Friday, April 1 • Saturday, April 2

Special room rate for overnight stay only $85.00 plus 15.25% tax.  When booking your room ask for the Akron Alliance Fellowship Church special rate.  Please book your room reservation by Tuesday, March 1 (maximum of 4 guests per room).  A free, hot breakfast is available for hotel guests.

Free internet  •  pool  •  fitness center  •  comfortable and relaxing amenities  •  great shopping and restaurants nearby

Availability will go quickly!  Be sure to register today via email at akronalliance@gmail.com.

Any questions? Call Melvin Gaines at 234.206.0345.

Sanctification (Position Paper for Alliance Distinctives, Crown College – MN, 2015)

01/29/2016 § Leave a comment

photo courtesy of yahwehistruth.com

photo courtesy of yahwehistruth.com

 

I.  Introduction

Every person who has ever lived has a past, a present and a future.  In much the same way, the new life of a believer who trusts Jesus Christ as Lord and Savior recognizes life in the same way (Ephesians 2:1-7):

There is the believer’s life before the acceptance of Christ as Savior:

And you were dead in your trespasses and sins in which you previously walked according to the ways of this world, according to the ruler who exercises authority over the lower heavens, the spirit now working in the disobedient.  We too all previously lived among them in our fleshly desires, carrying out the inclinations of our flesh and thoughts, and we were by nature children under wrath as the others were also (Ephesians 2:1-3 HCSB).

There is today’s life in Christ:

“But God, who is rich in mercy, because of His great love that He had for us, made us alive with the Messiah even though we were dead in trespasses. You are saved by grace!” (Ephesians 2:4-5)

There is a future and a hope supported through the faith and trust in God’s promises for the future.  It is salvation through Jesus Christ that drives the believer to move beyond his past and learn more about Jesus Christ is in the present and the future:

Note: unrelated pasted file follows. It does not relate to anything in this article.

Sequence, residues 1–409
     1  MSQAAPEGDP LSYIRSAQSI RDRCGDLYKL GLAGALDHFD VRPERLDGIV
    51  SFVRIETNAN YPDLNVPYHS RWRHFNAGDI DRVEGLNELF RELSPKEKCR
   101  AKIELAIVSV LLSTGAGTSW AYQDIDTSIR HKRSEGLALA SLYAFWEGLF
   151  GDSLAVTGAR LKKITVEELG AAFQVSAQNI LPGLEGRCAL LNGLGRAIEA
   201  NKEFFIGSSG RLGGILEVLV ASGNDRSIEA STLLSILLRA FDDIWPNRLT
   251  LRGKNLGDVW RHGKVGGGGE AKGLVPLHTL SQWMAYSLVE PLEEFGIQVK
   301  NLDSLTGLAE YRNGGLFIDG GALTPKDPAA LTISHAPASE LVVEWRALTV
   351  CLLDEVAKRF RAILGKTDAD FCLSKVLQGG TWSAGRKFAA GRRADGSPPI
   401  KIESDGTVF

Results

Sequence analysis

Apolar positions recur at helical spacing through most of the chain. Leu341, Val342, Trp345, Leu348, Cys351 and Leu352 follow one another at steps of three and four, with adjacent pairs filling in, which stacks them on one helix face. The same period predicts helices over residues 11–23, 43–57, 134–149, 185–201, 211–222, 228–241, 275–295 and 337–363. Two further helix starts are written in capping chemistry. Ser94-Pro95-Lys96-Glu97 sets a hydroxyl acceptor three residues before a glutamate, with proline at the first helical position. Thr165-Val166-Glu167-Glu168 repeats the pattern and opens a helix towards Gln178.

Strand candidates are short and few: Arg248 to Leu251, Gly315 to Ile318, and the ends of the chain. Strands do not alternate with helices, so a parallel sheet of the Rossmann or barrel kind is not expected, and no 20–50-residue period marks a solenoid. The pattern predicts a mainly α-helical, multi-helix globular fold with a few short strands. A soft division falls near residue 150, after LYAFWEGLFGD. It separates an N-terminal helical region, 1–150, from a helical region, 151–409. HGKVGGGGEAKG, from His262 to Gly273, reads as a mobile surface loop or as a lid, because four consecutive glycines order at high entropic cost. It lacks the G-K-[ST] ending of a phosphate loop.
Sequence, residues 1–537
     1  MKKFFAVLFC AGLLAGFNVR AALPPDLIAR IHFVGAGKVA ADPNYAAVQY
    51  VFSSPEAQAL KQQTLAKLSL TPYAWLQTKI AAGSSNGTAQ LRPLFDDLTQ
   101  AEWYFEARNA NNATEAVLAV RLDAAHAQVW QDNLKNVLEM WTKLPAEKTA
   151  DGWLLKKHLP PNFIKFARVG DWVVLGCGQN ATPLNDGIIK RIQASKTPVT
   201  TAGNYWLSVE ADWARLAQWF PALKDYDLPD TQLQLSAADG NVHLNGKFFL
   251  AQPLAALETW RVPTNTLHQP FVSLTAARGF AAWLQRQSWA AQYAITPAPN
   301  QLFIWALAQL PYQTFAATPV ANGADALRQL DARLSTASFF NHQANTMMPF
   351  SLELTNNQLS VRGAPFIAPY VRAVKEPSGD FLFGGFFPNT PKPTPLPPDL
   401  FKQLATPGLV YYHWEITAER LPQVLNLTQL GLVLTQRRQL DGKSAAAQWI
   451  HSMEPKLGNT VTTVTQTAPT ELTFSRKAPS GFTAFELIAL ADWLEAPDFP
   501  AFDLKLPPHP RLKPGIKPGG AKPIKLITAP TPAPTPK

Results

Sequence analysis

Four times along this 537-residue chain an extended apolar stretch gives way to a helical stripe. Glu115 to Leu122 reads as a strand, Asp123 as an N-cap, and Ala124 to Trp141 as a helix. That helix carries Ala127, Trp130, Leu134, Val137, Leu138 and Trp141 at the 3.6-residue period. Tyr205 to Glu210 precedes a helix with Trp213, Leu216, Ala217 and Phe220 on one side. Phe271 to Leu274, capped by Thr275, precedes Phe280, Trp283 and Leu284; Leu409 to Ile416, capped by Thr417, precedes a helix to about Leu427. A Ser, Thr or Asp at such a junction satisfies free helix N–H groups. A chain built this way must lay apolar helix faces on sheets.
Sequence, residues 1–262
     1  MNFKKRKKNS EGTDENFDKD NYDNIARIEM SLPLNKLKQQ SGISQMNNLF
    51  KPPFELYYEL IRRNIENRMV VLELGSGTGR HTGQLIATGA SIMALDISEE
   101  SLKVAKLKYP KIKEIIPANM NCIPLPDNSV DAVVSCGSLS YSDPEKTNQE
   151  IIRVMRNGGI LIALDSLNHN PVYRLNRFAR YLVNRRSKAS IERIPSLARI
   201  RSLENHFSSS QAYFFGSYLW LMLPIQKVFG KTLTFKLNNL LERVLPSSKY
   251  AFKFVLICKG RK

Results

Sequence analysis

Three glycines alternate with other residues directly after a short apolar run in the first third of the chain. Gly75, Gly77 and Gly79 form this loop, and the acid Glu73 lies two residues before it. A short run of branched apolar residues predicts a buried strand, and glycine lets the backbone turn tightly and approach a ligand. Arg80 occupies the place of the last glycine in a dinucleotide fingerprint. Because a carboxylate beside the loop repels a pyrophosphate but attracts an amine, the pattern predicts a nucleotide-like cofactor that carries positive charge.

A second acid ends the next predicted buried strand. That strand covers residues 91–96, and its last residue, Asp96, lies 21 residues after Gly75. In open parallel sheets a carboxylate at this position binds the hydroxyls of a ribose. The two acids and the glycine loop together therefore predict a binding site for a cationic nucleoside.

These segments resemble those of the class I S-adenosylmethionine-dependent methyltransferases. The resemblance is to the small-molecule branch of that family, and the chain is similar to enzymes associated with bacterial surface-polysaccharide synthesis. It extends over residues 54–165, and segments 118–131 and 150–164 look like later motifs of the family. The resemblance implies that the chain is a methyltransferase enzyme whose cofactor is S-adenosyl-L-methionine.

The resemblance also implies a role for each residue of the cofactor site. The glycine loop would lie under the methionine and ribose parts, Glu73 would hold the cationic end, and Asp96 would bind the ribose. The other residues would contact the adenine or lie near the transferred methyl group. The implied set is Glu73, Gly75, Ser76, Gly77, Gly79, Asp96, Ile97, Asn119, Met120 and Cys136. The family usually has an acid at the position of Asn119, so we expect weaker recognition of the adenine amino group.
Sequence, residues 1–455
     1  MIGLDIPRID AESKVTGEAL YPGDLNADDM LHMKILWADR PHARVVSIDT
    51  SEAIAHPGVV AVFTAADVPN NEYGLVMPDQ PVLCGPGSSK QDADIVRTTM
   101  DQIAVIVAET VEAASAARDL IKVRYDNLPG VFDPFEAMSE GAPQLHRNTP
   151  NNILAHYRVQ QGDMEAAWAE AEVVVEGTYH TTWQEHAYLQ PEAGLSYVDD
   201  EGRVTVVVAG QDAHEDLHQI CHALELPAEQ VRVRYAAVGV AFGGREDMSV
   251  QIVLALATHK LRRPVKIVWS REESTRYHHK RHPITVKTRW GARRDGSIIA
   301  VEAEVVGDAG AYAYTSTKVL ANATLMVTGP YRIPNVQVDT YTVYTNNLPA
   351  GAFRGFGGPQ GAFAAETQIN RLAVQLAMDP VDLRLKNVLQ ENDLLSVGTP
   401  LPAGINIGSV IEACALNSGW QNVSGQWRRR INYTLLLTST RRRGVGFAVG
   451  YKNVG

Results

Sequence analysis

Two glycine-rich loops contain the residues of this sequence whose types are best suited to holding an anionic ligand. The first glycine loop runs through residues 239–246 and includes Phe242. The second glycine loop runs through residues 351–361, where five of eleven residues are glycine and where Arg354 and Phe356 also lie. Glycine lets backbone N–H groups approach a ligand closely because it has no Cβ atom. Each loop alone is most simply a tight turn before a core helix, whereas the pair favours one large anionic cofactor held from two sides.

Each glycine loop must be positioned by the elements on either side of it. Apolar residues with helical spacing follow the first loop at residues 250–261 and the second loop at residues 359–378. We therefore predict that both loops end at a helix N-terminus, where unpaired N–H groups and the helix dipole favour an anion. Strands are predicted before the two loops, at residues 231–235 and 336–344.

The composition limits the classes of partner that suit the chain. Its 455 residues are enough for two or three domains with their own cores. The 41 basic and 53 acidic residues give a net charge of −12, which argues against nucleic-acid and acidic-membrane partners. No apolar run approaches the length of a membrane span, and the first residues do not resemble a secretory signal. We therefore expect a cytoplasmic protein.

“More than that, I also consider everything to be a loss in view of the surpassing value of knowing Christ Jesus my Lord. Because of Him I have suffered the loss of all things and consider them filth, so that I may gain Christ and be found in Him, not having a righteousness of my own from the law, but one that is through faith in Christ—the righteousness from God based on faith. My goal is to know Him and the power of His resurrection and the fellowship of His sufferings, being conformed to His death, assuming that I will somehow reach the resurrection from among the dead.  Not that I have already reached the goal or am already fully mature, but I make every effort to take hold of it because I also have been taken hold of by Christ Jesus. Brothers, I do not consider myself to have taken hold of it. But one thing I do: Forgetting what is behind and reaching forward to what is ahead, I pursue as my goal the prize promised by God’s heavenly call in Christ Jesus” (Philippians 3:8-14).

“Together with Christ Jesus He also raised us up and seated us in the heavens, so that in the coming ages He might display the immeasurable riches of His grace through His kindness to us in Christ Jesus” (Ephesians 2:6-7).